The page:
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Suburban Temple-Kol Ami is a warm, welcoming Reform Jewish community building a vibrant Jewish future rooted in acceptance, spirituality, and creativity.

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KEHILLAH KEDOSHA: HOLY COMMUNITY

At Goldman Union Camp Institute (GUCI), outside Indianapolis, IN, camp is in full swing. Campers ages 7-15 are enjoying swimming, basketball, the farm, photography, singing, and more. They are getting used to life without air conditioning in the extreme midwest humidity.

They are learning to live in cabins with at least 12 others, sharing space, navigating noise levels and personal habits. At GUCI, the campers are taught that the entire camp community is a “kehillah kedosha” – a holy community—and that their cabin is especially so. Each day, they spend time just with their cabin, learning about caring about, and being responsible for their community.

I can’t help but think that Moses and the Israelites could have used a good dose of GUCI when they were wandering in the desert. The Israelites struggled with understanding community. They relied on God and Moses to solve their problems. They were very quick to complain or rebel when scared or upset, rather than to lift each other up, and work together to solve their problems.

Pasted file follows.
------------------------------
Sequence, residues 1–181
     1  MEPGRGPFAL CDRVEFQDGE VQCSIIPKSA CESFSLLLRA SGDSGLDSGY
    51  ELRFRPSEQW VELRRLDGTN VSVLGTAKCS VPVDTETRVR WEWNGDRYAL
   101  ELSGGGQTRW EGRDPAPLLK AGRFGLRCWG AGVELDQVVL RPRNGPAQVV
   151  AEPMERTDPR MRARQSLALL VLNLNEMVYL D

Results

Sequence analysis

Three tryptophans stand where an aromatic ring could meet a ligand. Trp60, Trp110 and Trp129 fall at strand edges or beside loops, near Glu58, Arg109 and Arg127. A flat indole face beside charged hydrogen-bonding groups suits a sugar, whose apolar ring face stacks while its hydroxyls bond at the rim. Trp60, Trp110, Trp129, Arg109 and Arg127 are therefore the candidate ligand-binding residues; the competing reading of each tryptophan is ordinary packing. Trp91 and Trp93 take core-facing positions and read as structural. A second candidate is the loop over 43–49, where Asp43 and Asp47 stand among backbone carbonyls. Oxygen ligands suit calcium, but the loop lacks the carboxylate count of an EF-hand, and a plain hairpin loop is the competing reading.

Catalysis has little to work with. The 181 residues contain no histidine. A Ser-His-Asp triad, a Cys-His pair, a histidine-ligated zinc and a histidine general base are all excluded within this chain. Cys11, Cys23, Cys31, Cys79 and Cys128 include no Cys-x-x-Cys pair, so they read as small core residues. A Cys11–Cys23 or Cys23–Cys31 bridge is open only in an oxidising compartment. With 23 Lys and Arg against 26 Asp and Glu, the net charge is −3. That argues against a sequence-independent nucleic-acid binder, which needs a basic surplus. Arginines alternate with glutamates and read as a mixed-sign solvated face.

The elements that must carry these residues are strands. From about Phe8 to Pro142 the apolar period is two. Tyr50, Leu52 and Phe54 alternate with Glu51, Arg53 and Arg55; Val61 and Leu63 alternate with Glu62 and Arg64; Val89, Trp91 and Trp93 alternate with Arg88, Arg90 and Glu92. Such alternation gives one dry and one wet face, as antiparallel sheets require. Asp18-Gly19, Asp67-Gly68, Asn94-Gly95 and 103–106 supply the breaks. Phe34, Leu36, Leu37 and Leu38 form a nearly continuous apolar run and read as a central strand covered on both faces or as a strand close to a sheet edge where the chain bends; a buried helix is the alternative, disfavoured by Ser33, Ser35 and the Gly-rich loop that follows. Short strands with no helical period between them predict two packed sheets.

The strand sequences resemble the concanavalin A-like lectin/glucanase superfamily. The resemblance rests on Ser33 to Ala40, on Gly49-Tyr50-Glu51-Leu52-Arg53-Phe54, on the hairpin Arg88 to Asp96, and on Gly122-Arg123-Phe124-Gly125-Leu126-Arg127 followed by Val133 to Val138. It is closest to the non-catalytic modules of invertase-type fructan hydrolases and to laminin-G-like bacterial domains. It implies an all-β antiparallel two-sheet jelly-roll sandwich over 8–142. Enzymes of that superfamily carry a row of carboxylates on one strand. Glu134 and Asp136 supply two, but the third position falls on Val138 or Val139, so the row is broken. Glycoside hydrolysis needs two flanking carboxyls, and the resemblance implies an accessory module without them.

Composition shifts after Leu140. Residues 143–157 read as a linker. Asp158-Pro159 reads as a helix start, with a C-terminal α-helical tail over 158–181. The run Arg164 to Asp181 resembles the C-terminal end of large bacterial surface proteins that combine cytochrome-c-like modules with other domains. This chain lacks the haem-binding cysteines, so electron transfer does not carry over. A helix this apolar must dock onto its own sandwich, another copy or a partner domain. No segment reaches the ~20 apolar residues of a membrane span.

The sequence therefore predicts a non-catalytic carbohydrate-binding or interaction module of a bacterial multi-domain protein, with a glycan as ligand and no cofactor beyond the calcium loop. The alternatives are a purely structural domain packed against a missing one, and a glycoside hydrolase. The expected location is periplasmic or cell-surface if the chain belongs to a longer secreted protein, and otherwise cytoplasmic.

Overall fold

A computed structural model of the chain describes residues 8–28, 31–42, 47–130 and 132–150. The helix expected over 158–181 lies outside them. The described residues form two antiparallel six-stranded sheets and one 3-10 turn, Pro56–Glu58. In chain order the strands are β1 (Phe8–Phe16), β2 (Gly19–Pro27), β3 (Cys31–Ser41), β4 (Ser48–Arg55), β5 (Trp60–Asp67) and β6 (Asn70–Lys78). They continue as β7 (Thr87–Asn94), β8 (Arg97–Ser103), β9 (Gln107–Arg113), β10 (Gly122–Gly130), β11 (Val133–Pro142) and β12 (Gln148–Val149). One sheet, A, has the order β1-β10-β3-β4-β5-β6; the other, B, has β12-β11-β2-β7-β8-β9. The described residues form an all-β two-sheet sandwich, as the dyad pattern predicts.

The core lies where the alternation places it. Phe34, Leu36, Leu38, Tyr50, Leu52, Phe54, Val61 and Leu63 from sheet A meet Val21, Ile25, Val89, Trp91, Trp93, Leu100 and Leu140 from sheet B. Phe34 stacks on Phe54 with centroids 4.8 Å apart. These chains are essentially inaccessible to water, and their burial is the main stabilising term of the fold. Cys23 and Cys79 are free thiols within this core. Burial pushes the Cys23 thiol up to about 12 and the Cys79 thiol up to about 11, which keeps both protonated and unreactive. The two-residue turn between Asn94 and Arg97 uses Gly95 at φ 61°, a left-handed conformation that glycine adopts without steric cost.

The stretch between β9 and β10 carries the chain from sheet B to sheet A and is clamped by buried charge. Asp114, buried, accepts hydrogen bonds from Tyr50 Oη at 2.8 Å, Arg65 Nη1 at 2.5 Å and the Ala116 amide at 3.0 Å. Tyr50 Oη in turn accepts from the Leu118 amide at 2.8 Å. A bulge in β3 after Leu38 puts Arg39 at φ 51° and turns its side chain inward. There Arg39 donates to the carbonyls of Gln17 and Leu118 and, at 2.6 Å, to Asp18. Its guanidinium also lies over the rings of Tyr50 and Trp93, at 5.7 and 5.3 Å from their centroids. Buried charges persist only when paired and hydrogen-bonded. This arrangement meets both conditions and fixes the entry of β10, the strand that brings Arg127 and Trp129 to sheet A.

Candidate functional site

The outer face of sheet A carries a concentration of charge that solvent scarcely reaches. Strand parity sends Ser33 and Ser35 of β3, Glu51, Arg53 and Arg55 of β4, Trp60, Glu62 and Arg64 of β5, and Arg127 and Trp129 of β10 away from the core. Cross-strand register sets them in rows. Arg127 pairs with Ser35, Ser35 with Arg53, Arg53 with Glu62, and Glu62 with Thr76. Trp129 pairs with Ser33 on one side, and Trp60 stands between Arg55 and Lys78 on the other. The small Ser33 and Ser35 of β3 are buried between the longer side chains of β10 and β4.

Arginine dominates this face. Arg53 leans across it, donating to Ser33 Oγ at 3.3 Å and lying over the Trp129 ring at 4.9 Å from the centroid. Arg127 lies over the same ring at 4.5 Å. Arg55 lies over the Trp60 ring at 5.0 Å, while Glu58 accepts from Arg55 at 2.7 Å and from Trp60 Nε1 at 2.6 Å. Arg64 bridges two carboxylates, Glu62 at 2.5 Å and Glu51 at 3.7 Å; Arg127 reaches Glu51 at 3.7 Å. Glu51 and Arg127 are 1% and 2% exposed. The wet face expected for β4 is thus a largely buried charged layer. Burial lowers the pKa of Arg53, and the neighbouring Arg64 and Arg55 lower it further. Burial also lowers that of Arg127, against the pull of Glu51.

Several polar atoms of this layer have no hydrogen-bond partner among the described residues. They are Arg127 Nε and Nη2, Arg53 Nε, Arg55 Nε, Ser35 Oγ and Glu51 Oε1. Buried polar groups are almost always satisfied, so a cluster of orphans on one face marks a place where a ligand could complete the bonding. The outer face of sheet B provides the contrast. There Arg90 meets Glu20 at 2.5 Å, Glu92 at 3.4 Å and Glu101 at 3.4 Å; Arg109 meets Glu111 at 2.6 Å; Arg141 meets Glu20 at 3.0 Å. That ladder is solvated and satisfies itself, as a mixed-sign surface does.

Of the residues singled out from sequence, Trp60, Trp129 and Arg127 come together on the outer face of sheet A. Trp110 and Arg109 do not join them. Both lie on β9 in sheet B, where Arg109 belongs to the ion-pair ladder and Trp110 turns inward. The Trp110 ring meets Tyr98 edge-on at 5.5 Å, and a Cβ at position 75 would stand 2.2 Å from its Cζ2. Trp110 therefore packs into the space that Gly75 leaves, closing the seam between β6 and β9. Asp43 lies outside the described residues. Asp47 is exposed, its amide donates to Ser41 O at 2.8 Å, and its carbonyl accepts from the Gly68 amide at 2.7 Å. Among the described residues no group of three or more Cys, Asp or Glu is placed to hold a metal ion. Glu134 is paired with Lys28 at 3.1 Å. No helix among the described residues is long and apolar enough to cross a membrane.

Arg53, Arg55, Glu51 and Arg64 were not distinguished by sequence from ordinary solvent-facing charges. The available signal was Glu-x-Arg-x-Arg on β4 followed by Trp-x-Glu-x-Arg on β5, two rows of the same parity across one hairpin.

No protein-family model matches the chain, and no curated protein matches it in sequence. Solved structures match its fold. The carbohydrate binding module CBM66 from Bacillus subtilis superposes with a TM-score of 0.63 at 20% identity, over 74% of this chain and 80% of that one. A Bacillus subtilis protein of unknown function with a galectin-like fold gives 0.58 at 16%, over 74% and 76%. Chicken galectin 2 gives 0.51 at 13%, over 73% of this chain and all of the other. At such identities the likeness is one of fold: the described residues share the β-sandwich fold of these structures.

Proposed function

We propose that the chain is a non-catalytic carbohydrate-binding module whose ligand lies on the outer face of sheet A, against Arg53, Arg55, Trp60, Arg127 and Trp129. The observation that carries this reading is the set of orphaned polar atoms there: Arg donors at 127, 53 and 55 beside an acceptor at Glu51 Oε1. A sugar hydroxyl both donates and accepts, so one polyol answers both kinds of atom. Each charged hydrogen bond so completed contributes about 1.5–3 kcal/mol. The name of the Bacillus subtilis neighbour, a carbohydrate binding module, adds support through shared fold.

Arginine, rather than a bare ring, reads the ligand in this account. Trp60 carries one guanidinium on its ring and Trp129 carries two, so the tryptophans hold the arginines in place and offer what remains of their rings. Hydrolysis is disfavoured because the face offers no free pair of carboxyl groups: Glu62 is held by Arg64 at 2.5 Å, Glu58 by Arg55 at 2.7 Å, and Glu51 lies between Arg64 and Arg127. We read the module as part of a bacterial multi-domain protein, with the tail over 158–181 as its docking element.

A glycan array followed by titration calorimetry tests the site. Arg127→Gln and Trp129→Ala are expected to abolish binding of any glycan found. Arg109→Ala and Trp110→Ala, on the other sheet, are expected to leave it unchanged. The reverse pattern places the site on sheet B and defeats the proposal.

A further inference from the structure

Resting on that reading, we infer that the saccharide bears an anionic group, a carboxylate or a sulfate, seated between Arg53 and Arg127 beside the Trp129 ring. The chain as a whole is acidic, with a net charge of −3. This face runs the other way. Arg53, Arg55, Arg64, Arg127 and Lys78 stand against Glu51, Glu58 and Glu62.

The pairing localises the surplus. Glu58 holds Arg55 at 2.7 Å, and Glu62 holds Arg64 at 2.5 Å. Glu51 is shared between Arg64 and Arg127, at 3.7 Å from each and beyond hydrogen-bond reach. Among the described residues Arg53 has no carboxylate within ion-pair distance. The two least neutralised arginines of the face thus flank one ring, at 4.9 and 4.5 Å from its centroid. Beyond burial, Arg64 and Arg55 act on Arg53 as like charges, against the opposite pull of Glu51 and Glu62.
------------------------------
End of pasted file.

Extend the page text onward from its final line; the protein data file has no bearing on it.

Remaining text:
Moses, especially in this weeks’ Torah portion, Chukat, also shows a lack of understanding of kehillah kedosha. Frustrated with the continued complaining of the Israelites, he loses his temper. He yells at them and calls them names. By doing this, he separates himself from them. No longer does he understand that he is part of the Israelite community.

God declares in the Torah portion that Moses is to be punished for his anger because “Moses lost faith in God”. His punishment is that he is not to enter the Promised Land. I believe God was also angry because Moses, in his anger, rejected one of the most valuable lessons of the desert journey: a kehillah kedosha- A holy community.

As I look forward to my second week at GUCI, I am grateful for the reminder of the importance of kehillah kedosha.


Rabbi Allison Vann

 
Tue, July 16 2019 13 Tammuz 5779